Many cancer treatments may cause heart disease. Case in point: trastuzumab (Herceptin). A recent study led by Lorenzo Moja, MD, of the University of Milan in Italy, shows that trastuzumab prolongs overall survival and cancer-free survival in both early and late-stage breast cancer patients. That same study also showed that trastuzumab elevates the risk of congestive heart failure. Significantly.
One cardiologist who read this study with particular interest was Juan Carlos Plana, MD from Cleveland Clinic. Dr. Plana is co-director of Cleveland Clinic’s new Cardio-Oncology Center. He and his colleagues are focused on minimizing or preventing precisely the side-effects noted by the Milan team.
“There are 2.2 million survivors of breast cancer in the U.S.alone,” says Dr. Plana, “and once one survives cancer treatment, heart disease is the biggest risk they face.”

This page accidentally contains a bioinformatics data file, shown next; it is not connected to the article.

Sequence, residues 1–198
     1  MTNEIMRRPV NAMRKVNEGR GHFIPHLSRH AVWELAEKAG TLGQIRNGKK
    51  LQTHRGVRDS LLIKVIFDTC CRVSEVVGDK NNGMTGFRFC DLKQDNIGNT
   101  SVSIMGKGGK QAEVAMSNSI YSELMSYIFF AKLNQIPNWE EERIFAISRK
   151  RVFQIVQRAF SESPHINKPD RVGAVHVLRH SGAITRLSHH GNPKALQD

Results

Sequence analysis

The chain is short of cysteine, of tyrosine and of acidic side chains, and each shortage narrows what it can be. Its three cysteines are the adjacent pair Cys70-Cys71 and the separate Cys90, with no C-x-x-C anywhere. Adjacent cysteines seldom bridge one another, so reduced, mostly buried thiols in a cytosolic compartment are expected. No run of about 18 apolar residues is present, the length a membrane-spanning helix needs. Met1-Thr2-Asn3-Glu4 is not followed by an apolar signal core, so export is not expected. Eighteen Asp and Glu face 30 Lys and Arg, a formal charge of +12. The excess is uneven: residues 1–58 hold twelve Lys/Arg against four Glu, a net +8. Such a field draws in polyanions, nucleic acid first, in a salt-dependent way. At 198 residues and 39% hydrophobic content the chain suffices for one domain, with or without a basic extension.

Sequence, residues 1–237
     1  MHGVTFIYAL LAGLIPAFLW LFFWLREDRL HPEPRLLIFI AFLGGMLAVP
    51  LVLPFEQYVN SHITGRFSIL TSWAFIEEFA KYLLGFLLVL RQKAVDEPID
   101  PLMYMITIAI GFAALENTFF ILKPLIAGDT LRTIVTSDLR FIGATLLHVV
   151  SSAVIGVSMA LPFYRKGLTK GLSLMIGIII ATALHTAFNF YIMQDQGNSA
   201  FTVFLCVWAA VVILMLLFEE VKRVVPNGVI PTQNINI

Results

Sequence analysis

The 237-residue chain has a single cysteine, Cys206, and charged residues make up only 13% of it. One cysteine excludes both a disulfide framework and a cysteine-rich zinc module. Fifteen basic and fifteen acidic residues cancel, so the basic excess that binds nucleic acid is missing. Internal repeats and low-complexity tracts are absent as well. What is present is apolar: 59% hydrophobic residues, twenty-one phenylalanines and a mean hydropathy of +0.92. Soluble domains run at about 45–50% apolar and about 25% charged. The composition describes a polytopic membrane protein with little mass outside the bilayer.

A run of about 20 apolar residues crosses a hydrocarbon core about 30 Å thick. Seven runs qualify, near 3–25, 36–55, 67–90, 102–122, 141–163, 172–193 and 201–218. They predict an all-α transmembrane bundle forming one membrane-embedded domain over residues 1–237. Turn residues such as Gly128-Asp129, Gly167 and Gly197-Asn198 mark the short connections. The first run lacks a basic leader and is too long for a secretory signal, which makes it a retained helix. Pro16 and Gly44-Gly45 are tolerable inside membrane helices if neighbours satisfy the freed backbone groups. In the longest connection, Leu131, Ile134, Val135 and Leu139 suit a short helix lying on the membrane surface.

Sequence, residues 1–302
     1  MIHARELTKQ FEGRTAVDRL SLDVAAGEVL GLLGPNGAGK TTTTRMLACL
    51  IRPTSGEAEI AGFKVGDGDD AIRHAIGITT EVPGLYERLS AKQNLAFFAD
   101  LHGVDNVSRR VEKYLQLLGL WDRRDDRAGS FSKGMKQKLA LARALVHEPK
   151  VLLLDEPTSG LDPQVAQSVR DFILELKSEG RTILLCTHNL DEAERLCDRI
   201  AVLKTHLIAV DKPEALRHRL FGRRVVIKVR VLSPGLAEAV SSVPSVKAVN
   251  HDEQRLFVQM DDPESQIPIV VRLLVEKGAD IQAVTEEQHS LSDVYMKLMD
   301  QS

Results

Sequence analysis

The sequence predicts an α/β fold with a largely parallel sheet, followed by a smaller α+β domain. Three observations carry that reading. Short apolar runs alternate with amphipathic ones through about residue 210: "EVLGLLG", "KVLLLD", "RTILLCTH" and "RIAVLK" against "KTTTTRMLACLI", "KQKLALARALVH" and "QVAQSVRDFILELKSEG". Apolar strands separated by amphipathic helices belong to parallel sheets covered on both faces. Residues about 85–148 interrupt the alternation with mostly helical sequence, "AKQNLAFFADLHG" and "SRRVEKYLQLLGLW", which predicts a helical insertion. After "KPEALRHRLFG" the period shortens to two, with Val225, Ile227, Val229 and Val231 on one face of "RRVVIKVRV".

The study indicates that patients using trastuzumab have a five-fold increase in the risk for congestive heart failure.
“The goal is not to stop cancer therapy, but to identify cardiotoxicity early and to protect the heart with medications so heart failure does not become a problem and the cancer treatment can be continued,” says Dr. Plana.
Using advanced echocardiography with 3D, contrast and strain imaging , Dr. Plana and his colleagues monitor patients who are undergoing cancer treatment, and address heart issues as they arise.
“We can see from this new study that regimens containing trastuzumab were associated with greater overall and cancer free survival,” says Dr. Plana. “However this benefit in survival comes at the expense of a 5 fold increase in risk of developing congestive heart failure. Fortunately, we now have the ability to identify and treat damage to cardiac tissue early, and prevent it from progressing to heart failure .”